Shining a light on family law for expats
Edith van Ruitenbeek is a lawyer, mediator and partner at Van Hilten Advocaten & Mediators, a practice which specialises in (inter)national family law.
Living an expat life can be exciting, but also very challenging - especially as far as family matters are concerned. Divorce rates, for instance, are higher than average amongst expats.
Where to file for divorce when you are an expat?
Last summer, I once again went through marathon mediation sessions with an expat couple in order to reach a divorce agreement, and, even more importantly, a parenting plan before the school year started. This was because one of the spouses had been assigned a new posting in the US, while the other spouse did not want to leave. A joint petition for divorce was filed in August in the Netherlands, in order to prevent further escalation and proceedings in the US.
Many spouses who are facing a divorce are not aware of the fact that divorce proceedings can be initiated in more than one country. And that it is therefore important to obtain sound professional advice on which country is to be preferred - as there is no single answer to the question “which is best”.
The first consideration should be, of course, whether the divorce can be arranged by the spouses through mediation, in a collaborative divorce setting or with help from their lawyers.
The advantage to this is that the Dutch courts facilitate a quick divorce once the spouses have signed a divorce covenant. If it is not likely that a divorce covenant or any other agreement will be reached, the next important step is to determine which courts have jurisdiction and which national laws these courts might apply, or are obliged to apply. Here are a few examples.
As a family lawyer with an international practice, I advise my clients that it might be preferable to initiate proceedings in the Netherlands when, for instance, time is an issue. In some other countries, such as the USA, Germany and Switzerland, the spouses have to wait one year (after separation) before they can start divorce proceedings.
Another reason to opt for a Dutch court is that this makes it possible to apply Dutch law to the proceedings, as the court applies its own law. This implies that you only have to state that the marriage has irretrievably broken down, as the Dutch courts do not assign blame (if any) or consider any related penalties. In this context, it is also worthwhile examining which of the courts with jurisdiction regarding the divorce can apply its own law regarding spousal alimony.
Don’t forget that both parties can go forum shopping! Once the forum has been agreed upon, the divorce petition should be filed as soon as possible with the preferred court, should an amicable divorce not be possible. Once a petition is pending, any other court approached later, will then have to abstain from dealing with the case.
What are your options?
As a lawyer specialising in international family law, I always try to encourage my new divorce clients, especially expat clients, to consider divorce as a transfer from married life to a life after marriage… for both. And to point out how important it is to try to settle the consequences of the divorce, especially when there are children involved.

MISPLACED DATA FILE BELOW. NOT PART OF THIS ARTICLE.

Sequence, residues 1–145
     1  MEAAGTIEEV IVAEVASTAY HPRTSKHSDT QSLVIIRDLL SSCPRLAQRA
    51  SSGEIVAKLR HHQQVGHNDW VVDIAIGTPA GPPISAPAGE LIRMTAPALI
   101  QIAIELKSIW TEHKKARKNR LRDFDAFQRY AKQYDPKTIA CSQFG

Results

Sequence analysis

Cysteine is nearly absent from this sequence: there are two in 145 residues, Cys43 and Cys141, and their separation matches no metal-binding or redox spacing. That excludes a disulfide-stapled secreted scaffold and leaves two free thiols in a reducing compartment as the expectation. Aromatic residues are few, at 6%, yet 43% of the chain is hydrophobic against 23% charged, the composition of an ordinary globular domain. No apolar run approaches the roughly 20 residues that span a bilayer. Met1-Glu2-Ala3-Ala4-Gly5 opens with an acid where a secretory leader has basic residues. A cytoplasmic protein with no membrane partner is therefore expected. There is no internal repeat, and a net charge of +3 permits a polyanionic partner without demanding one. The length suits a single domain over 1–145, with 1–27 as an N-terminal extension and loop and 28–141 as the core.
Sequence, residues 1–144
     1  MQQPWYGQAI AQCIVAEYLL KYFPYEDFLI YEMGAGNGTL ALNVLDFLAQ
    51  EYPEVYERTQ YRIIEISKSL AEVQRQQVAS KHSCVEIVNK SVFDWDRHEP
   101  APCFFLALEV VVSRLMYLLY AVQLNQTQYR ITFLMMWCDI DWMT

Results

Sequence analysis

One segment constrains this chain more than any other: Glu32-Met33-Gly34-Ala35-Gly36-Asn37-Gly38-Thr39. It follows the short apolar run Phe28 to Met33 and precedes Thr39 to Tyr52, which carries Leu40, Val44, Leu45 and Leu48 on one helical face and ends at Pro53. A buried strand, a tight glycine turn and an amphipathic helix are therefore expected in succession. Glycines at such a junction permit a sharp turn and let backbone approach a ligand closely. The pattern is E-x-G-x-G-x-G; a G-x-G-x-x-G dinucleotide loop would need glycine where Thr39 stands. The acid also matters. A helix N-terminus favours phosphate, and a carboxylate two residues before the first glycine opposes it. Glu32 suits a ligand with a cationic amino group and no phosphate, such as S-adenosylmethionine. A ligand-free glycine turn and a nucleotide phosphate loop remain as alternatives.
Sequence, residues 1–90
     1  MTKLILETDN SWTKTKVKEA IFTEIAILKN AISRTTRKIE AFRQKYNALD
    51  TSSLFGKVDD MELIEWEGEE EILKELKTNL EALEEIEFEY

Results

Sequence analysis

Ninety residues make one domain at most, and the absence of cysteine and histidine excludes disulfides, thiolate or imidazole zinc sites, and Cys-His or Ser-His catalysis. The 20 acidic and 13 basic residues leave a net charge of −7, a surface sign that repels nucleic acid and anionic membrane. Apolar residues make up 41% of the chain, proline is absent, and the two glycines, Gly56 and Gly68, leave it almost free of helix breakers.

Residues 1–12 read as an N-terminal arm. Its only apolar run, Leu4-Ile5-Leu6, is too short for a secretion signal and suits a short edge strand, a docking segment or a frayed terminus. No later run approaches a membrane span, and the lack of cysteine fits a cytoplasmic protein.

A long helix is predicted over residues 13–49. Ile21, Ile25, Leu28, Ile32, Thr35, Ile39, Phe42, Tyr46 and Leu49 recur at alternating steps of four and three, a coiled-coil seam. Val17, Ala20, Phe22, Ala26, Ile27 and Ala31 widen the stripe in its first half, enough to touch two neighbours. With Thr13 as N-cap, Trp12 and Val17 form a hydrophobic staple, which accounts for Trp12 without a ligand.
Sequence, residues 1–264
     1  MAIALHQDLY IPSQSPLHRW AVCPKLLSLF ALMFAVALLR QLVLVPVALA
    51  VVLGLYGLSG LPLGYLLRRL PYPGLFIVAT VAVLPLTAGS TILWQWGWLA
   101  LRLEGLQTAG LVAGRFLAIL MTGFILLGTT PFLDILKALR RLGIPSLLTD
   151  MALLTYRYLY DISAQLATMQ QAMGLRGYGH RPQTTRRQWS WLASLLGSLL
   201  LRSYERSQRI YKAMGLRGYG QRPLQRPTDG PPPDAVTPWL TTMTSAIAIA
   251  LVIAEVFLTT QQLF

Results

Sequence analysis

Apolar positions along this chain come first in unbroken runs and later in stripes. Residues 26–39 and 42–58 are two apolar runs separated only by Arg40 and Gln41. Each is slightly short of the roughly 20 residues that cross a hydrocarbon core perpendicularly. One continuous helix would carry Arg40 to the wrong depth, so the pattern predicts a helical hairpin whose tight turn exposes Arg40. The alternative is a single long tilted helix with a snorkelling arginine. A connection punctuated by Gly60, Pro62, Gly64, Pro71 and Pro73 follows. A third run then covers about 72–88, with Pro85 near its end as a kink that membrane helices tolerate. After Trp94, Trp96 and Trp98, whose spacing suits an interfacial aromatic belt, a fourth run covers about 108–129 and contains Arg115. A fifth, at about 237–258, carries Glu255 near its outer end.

To achieve a liveable life after divorce, I often suggest mediation. Disputes between spouses in divorce are quite often suited to a mediation approach, whereby the most important asset of mediation is that the parties themselves achieve a solution together. This increases the commitment to and acceptance of the solution and the sustainability of the divorce agreement.
This is especially important for my expat clients, as their divorce agreements are more likely to be challenged by changing circumstances in the future.
Sometimes, mediation is not an option. For instance, when the difference in skills and knowledge between the spouses is too great, threatening to create an imbalance too vast to mediate. In that case, a collaborative divorce setting may be a viable alternative. With collaborative divorce, both parties choose their own lawyer to advocate their interests, as well as their common interests.
A coach with a psychological background structures the process, pointing out possible problems concerning children in an early phase and guiding the parents towards a solution. The common goal of this team of five is to reach the most optimal solution possible for both partners.
In financially complex cases, the services of an independent financial and/or international tax advisor can also be employed.
We do realise that international family law can sometimes be a jungle for our expat clients, despite all the efforts to unify conventions and EU regulations.
Even between EU countries, there remain remarkable differences in rules and legislation. Not only regarding divorce, but also regarding children born out of an international relationship, or when the applicable matrimonial law conflicts with the applicable law of succession, especially when it comes to real estate in different countries.
Living an expat life, the existence of this legal jungle is an important issue to be aware of. Van Hilten Advocaten & Mediators gladly offers you their expertise.
The author of this article, Edith van Ruitenbeek, is a lawyer and partner at Van Hilten Advocaten & Mediators, Nassaulaan 15 Den Haag and De Lairessestraat 129 in Amsterdam.